Next, take these strategies to the playroom. There are countless resources available from blogs and books to help you and your child design fun, interactive games that encourage learning. Some of the most basic of options include building with blocks, teaching addition and subtraction using favorite small toys or treats and a variety of art mediums.
Step it up a notch by fostering a child’s decision-making and critical thinking skills through puzzle play, developing important motor and traveling skills through a game of catch and encouraging lessons in science and nutrition in the garden.
Don’t stand in your child’s way:
As parents, our own concerns for our child’s safety or opinions on skill-level may lead us to unintentionally stifle their independence. Try taking a step back and giving your child the chance to shock you. “I think parents might be surprised to learn how much young children can do for themselves when provided with a simple demonstration, appropriate child-sized materials and the opportunity to practice without interference or correction,” Kelly says.
Young children at Mission Montessori Schools use real needles to sew, knives to cut and glass pitchers and bowls to prepare food. After providing instructions about care and use, instructors trust children to handle items appropriately, fostering both independence and self-confidence.
“These experiences build the foundation for learning and life by providing an environment that encourages exploration and investigation while balancing cognitive, physical and social-emotional skills,” Hunnicutt explains. And while these practices are oft implemented in early education programs like preschools and grade schools, there’s plenty of reason to explore these lessons at home, too. Don’t get hung up on the details. While various resources can provide detailed instructions for carrying out hands-on activities at home, the practice itself boils down to one simple step—treat every experience as a learning opportunity.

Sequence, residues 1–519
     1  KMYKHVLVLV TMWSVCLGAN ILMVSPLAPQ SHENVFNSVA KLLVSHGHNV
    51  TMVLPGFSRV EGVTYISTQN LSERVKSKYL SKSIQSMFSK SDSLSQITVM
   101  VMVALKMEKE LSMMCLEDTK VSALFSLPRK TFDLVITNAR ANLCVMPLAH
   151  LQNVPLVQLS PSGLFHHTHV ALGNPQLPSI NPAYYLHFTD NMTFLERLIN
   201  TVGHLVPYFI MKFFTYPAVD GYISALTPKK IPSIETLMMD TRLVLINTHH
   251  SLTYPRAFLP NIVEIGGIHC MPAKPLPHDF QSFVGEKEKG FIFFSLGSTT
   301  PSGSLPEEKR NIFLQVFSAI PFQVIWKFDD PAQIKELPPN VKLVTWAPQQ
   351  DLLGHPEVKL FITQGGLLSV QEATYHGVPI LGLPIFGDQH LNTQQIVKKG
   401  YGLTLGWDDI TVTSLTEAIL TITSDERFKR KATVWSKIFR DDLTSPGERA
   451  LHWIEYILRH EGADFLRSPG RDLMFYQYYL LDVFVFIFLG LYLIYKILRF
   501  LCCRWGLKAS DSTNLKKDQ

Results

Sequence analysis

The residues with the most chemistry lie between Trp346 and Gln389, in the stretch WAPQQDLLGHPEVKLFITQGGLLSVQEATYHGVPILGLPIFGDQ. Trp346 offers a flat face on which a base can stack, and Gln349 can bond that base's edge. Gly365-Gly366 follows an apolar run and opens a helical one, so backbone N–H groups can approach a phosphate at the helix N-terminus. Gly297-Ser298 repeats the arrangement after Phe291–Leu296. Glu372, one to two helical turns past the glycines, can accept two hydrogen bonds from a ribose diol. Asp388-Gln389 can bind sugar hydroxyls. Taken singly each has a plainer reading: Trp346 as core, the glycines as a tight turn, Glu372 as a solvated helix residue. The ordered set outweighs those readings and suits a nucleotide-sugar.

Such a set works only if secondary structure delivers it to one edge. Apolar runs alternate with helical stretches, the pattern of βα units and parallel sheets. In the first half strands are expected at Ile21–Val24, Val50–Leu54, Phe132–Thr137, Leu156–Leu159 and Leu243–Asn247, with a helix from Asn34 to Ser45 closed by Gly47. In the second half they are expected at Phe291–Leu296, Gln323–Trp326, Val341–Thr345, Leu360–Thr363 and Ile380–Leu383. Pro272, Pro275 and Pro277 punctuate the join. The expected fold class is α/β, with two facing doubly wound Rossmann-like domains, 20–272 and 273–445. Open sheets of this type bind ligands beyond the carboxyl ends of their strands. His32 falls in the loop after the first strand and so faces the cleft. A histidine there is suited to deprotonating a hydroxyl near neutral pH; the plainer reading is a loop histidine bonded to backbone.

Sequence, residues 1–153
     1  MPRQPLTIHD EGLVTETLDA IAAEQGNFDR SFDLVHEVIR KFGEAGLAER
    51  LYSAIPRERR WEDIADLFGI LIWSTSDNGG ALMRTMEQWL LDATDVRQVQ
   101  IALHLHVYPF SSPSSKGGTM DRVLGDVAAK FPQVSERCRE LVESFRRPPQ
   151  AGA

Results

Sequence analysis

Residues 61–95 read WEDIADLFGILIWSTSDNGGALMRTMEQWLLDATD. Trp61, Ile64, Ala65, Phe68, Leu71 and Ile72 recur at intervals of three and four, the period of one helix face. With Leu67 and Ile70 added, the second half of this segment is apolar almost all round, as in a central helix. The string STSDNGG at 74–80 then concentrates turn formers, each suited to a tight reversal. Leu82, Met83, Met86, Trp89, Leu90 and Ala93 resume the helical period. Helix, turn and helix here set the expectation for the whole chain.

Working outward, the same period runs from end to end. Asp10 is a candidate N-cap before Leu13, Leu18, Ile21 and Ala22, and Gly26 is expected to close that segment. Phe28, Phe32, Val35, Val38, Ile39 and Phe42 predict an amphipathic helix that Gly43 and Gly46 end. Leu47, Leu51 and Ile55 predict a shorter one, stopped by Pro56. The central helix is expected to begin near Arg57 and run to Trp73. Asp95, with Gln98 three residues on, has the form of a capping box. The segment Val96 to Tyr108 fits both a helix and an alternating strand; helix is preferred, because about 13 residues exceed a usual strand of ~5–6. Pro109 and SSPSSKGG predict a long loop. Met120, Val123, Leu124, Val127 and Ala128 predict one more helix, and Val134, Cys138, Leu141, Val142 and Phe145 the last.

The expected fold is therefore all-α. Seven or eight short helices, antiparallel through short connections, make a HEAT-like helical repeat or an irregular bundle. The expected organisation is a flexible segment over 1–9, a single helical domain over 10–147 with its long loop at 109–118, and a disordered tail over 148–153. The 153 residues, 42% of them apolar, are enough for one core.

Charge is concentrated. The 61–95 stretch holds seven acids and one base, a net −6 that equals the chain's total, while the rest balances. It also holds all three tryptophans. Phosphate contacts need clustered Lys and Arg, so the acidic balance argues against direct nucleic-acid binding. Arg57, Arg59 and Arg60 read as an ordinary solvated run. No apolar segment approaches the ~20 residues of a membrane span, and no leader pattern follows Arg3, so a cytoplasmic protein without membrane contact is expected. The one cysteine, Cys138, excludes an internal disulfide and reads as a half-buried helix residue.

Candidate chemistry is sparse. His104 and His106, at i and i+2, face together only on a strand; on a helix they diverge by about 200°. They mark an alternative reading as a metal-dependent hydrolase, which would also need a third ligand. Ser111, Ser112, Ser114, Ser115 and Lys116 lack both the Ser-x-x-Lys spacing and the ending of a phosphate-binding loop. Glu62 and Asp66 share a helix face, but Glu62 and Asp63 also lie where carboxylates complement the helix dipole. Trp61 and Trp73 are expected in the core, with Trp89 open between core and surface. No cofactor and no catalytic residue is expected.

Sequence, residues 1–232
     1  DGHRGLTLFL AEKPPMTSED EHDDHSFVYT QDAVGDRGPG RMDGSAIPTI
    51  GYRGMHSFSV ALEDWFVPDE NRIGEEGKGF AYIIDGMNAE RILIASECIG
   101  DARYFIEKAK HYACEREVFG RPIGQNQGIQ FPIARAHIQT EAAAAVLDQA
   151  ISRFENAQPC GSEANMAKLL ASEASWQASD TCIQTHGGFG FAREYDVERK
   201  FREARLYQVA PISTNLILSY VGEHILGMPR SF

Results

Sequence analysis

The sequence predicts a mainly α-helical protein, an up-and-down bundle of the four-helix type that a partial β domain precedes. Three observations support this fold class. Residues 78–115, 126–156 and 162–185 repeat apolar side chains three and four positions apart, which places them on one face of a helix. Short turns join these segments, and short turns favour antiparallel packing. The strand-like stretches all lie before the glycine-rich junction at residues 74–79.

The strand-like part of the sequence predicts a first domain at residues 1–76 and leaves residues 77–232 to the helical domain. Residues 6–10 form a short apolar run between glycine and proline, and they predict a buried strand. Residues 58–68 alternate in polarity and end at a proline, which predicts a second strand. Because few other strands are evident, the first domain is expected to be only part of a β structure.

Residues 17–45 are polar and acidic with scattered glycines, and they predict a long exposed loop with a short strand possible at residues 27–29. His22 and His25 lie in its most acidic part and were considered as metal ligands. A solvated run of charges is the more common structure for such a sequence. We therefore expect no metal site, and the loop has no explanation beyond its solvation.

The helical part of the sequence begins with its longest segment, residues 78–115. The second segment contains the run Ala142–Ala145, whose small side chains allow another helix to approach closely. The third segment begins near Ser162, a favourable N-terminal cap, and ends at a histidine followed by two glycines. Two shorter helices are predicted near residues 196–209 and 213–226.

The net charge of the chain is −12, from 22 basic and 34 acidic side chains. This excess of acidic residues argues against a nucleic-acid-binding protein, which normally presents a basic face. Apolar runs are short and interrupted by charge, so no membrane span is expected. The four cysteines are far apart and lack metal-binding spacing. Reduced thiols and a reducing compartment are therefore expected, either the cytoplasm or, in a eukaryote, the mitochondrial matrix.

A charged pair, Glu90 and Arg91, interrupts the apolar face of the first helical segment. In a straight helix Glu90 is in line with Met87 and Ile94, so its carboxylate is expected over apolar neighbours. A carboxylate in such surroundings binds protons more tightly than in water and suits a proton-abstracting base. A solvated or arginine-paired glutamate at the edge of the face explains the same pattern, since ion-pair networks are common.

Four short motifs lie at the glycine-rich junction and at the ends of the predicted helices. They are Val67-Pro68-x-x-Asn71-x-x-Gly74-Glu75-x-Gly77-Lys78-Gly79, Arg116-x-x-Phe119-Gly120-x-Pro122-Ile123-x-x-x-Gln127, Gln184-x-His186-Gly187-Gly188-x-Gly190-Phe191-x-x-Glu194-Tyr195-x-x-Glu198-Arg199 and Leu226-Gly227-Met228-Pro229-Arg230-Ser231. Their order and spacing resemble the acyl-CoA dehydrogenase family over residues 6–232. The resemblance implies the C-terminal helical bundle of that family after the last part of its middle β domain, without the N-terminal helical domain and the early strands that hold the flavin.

Hands-On Activity: Making Goop
by Cambria Bowman, Outreach Specialist, Child Care Resource & Referral – ARIZONA
Young children have a playful curiosity, that as parents, we love to satisfy. Hands-on activities at home can be easy and simulating, and will facilitate children’s minds to grow and learn. Activating the portion of the mind that allows for fine and gross motor skills to be developed while learning allows children to retain more information in a more effective manner. Not only that, but hands-on activities engage different types of learners, learners that are more tactile and kinesthetic, to really prosper when given the opportunity! The toddler years are a time when fine and gross motors skills are developing rapidly, and making goop, the activity below will allow your youngsters to practice both skills, while providing an exciting and new learning opportunity. This seemingly silly Goop will allow creativity and imagination, sensory development, and the development of fine motor skills.
• 2 cups baking soda
• 1.5 cups water
• 1 cup corn flour
• Food coloring (optional)
1. Combine all ingredients in a saucepan.
2. Supervise children to mix all ingredients with a whisk to remove lumps
3. Heat on stove, stirring, bringing the mixture to a boil
4. Continue to stir until a think mixture has formed
5. Turn out onto the counter and knead together to form a smooth ball of Goop.
6. Cool in an air tight container
Ideas for your Goop
• Allow free play, using like play dough, create smaller pieces
• Add small, washable items to the goop, i.e.: small trucks, toys, gems, and rocks
• Add other colors to the goop and allow for descriptive language.